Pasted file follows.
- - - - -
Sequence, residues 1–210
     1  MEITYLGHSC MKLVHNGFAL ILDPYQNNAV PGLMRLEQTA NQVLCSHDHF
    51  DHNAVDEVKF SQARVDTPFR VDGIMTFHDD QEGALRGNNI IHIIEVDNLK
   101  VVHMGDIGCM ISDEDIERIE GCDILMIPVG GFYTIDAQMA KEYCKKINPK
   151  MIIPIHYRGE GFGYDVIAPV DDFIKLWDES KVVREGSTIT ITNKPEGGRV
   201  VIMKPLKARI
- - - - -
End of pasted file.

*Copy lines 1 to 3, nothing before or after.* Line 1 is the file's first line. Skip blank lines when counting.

Sequence, residues 1–210
     1  MEITYLGHSC MKLVHNGFAL ILDPYQNNAV PGLMRLEQTA NQVLCSHDHF
    51  DHNAVDEVKF SQARVDTPFR VDGIMTFHDD QEGALRGNNI IHIIEVDNLK